It may have been a place of uncertainty in recent times for politicians, but we’re sure that the Houses of Parliament are great for your group to visit. Here are 5 reasons why. 

1. The iconic Big Ben

Yes, it’s covered in scaffolding at the moment, but there are still things to be doing if you’re looking to discover more about Big Ben. Free talks are now available at Westminster Hall to educate visitors on the great clock and how it has kept time in Parliament for 160 years. In 1859, the clock was designed by Edmund Beckett Dension and built by Edward John Dent and his son, Frederick Dent. Shortly after the clock’s installation, the bell known as Ben, was placed into position and has chimed every hour since. The Elizabeth Tower that Big Ben sits in is a wonderfully British sight. It boasts the grandest of structures and continues to impress guests, old and new. 

2. Informative Summer Tours

Groups can now book onto a tour at the Houses of Parliament to discover the history and heritage of the classic building. Each tour of Parliament is delivered by an expert guide or, if you want a more private experience, opt for a self-guided tour using a multimedia guide. The tour includes access to the House of Commons, Westminster Hall and more, giving you ample opportunity to understand the world of British politics.

Groups at the Houses of Parliament

Source: UK Parliament / Mark Duffy

Explore the ancient halls of Parliament.

3. Public talks and events

Why not attend a one-off talk or event talking place? These talks cover a broad range of topics, from Women of Westminster: The MPs who changed politics, delivered by Rachel Reeves MP, to Peterloo: From page to screen by Dr Jacqueline Riding. Booking in advance is essential for these talks although they’re good if you’re on a budget, because the majority of them are free to attend.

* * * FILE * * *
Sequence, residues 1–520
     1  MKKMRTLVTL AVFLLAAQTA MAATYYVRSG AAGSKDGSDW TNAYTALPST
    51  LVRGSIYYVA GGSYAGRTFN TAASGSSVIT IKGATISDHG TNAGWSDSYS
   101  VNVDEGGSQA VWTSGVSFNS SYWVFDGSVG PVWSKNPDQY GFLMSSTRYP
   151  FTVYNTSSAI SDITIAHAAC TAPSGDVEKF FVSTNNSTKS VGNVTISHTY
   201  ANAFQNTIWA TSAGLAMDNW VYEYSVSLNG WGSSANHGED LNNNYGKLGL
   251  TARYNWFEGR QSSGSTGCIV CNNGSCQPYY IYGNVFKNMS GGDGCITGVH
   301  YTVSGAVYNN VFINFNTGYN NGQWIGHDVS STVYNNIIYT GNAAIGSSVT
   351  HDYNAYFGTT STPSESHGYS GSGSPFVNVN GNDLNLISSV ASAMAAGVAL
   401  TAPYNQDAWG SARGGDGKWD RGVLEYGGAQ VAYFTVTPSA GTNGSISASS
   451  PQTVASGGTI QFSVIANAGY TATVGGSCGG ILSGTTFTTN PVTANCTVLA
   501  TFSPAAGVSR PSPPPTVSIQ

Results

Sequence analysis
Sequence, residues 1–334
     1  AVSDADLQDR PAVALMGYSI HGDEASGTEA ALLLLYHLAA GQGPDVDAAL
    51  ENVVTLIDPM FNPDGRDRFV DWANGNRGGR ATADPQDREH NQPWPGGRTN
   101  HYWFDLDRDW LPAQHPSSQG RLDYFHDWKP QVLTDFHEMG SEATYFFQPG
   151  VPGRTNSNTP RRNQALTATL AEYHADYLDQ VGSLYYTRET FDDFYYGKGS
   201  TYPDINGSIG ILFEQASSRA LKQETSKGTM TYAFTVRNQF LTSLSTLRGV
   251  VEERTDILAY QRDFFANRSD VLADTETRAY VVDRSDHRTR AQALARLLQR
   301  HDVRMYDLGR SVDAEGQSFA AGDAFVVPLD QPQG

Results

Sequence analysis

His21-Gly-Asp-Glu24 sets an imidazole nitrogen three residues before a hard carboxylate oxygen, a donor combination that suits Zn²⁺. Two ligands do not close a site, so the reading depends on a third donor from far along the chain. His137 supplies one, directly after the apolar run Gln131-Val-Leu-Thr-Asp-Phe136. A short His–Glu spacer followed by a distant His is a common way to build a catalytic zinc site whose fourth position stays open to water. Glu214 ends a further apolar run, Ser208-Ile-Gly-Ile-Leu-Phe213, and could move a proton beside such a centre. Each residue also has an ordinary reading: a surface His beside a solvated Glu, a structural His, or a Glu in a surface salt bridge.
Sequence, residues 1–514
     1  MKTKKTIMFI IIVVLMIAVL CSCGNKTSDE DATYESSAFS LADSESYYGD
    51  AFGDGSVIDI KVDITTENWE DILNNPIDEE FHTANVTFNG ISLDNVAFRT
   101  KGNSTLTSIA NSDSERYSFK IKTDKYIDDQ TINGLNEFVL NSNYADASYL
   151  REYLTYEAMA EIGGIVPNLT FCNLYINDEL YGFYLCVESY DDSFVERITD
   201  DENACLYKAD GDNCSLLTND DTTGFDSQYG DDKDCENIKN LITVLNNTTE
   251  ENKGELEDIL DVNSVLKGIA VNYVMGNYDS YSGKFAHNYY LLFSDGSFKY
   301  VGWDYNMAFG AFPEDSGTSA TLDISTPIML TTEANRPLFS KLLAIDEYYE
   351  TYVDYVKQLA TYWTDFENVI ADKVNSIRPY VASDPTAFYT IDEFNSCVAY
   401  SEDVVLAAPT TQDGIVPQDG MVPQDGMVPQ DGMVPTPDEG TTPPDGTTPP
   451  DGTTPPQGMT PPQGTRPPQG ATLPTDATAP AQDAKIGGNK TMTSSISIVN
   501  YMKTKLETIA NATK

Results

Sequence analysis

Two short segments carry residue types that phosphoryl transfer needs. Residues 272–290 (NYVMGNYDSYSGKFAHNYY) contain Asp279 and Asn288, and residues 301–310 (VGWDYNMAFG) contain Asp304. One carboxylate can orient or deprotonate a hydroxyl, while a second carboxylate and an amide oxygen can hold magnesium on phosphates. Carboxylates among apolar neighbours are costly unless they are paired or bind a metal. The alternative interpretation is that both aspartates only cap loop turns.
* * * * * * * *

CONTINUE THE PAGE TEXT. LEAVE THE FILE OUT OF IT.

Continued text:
Guided tour at the Houses of Parliament

Source: UK Parliament / Jessica Taylor

Groups can book onto a guided tour of Parliament. 

4. Parliament and Peterloo 

This exciting new exhibition opens on 4th July and will explore the political and social background to the Peterloo massacre and Parliament’s reaction to it, taking place nearly 200 years ago. The massacre happened in Manchester where an estimated 18 people were trampled on and killed. It was supposed to be a peaceful day, with records stating that people attended the demonstration in their Sunday best. When the Yeomanry moved in to arrest the speakers at the demonstration, panic ensued, causing not only deaths but hundreds of injuries. 

Researchers from Royal Holloway, the University of London and the History of Parliament Trust have all contributed to the exhibition. Visitors can explore this material on an interactive table as part of the experience. The exhibition is included in your admission ticket to the Houses of Parliament, whether it be on guided or self-led tour. 

House of Commons in Parliament

Source: UK Parliament / Jessica Taylor.

Pretend to be a politician in the iconic House of Commons.

5. Royalty and Splendour Dinner and Tour 

New to 2019 is the Royalty and Splendour tour and dinner experience. Small groups can book onto one of these dining experiences which combines a guided tour of the House of Lords with a three course, Victorian themed dinner to celebrate the bicentenaries of Queen Victoria and Prince Albert.

The guided tour has a unique focus on the art and style within the House of Lords, beginning at the top of the Royal Staircase in Norman Porch, and will follow the Queen’s processional route at the State Opening of Parliament. The dinner will take place in the Barry Room, prepared by the House of Lords Chefs. 

For more information about what the Houses of Parliament has to offer groups, visit: